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[FILM 1000] - Final Exam Guide - Comprehensive Notes for the exam (27 pages long!)


Department
Film Studies
Course Code
FILM 1000
Professor
Andre Loiselle
Study Guide
Final

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Waterloo
FILM 1000
FINAL EXAM
STUDY GUIDE

Only pages 1-3 are available for preview. Some parts have been intentionally blurred.

Only pages 1-3 are available for preview. Some parts have been intentionally blurred.

Film – Week 3 Lecture – Sept. 27th – Classical Editing
Continuity Editing:
Whatever cut and match the editor makes, there must be a sense of continuity; continuity of
narrative, of action, of space and time.
Master shots and Inserts:
In classical Hollywood cinema, scenes are shot more than once (could be many), once for the
master shot which shows a large perspective of what’s going on, and then its shot again with
close-ups and middle shots on different characters and objects (for a detail or reaction shot). The
moving back and forth between these two scenes creates a dynamic that couldn’t be achieved
with just a master shot.
Scenes are also reshot from different angles, not shot all at the same time from different cameras.
This is done so that the lighting can be perfected for each angle.
Shot-reverse-shot: back and forth movement between characters or between characters and an
object, usually used in dialogue.
- Usually shows an “over-the-shoulder” camera position.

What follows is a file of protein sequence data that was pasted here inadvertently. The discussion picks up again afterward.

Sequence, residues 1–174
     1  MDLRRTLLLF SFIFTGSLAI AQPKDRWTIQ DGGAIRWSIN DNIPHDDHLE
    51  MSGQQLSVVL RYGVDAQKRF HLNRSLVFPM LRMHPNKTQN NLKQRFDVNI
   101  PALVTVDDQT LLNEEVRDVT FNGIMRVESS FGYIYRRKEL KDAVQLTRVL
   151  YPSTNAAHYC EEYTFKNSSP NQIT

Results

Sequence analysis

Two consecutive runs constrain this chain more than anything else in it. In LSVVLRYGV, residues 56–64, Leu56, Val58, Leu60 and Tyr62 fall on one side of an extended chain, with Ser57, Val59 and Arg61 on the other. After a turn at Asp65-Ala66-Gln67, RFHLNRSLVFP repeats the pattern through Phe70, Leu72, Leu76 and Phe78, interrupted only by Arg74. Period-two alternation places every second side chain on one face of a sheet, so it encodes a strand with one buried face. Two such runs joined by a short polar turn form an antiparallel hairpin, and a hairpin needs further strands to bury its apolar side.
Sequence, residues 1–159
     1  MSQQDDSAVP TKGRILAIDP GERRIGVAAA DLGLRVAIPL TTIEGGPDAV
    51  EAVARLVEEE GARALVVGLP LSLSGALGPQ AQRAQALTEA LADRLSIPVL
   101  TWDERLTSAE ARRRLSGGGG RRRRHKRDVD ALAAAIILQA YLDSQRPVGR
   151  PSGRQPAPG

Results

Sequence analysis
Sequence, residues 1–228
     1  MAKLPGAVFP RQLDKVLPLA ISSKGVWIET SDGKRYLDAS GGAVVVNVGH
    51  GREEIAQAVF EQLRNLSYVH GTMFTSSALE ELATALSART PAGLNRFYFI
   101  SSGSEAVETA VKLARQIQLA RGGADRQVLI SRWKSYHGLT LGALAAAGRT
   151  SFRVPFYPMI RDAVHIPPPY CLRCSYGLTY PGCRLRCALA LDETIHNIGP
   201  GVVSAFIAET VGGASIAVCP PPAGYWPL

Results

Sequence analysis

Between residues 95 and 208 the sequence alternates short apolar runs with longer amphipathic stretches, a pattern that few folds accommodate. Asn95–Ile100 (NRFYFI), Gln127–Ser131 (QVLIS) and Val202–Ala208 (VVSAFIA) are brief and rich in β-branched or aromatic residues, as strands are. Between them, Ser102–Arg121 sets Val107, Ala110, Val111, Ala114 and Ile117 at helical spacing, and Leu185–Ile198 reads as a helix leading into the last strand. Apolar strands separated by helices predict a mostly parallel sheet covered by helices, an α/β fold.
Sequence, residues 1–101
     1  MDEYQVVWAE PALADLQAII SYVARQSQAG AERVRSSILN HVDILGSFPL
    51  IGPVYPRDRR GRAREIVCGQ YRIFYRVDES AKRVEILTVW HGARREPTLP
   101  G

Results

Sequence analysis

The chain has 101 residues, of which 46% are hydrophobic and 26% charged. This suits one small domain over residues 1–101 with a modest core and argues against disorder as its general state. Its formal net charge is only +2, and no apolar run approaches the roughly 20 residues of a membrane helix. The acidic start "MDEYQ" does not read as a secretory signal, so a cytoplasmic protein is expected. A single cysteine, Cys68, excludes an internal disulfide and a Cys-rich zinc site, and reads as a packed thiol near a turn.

*People expect a reverse shot, and when the director decides to deny the shot, it makes people
anxious. (ex: in a horror movie when they don’t show you what the character sees)
Cut on Question: During a dialogue, a way to ensure continuity is through a shot-reverse-shot
cut according to “question-answer-question” (Character asks questions – Cut – Character
answers – Cut to reaction, etc.…)
Eye-line match:
To ensure continuity in “looks”, eyes if the characters looking are often in the same position on
screen as the eyes of the other character that’s being looked at, between cuts (in different shots)
Cut/Match on action:
To create visual dynamic without relying on “question” and without drawing attention to the cut
(classical Hollywood generally doesn’t want you to notice editing). Editors will cut in the middle
of a gesture or a movement, so movement between shots blends with the movement performed
by actor. (Something distracts you so you don’t notice the cut)
The 180-degree line: A technique that’s fundamental to mainstream Hollywood cinema.
Usually when films break this rule it’s on purpose. The technique is used to make sure that cuts
keep a continuous sense of space : an imaginary line is drawn between the camera and the action.
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The camera remains on its side for the master shot and all inserts, while the actors perform the
action on the other side.
Generally speaking, if you have a dialogue the camera will always be on the same side. (ex:
don’t switch side during a dialogue shot-revers-shot situation, one character always remains on
the left and the other, on the right).
Its sometimes necessary to cross the 180-degree line because characters move around. In this
situation editors must be more concerned with “cutting on question” or “cutting on action” to
make sure the line-crossing isn’t noticed.
Using a large, or surprising gesture is a good way to distract the audience while needed to cross
the 180 line. A broad gesture or a surprising statement are most effective in distracting the
audience in this situation. (Unless the filmmaker actually wants to confuse the audience, then the
180-degree line crossing can be used)
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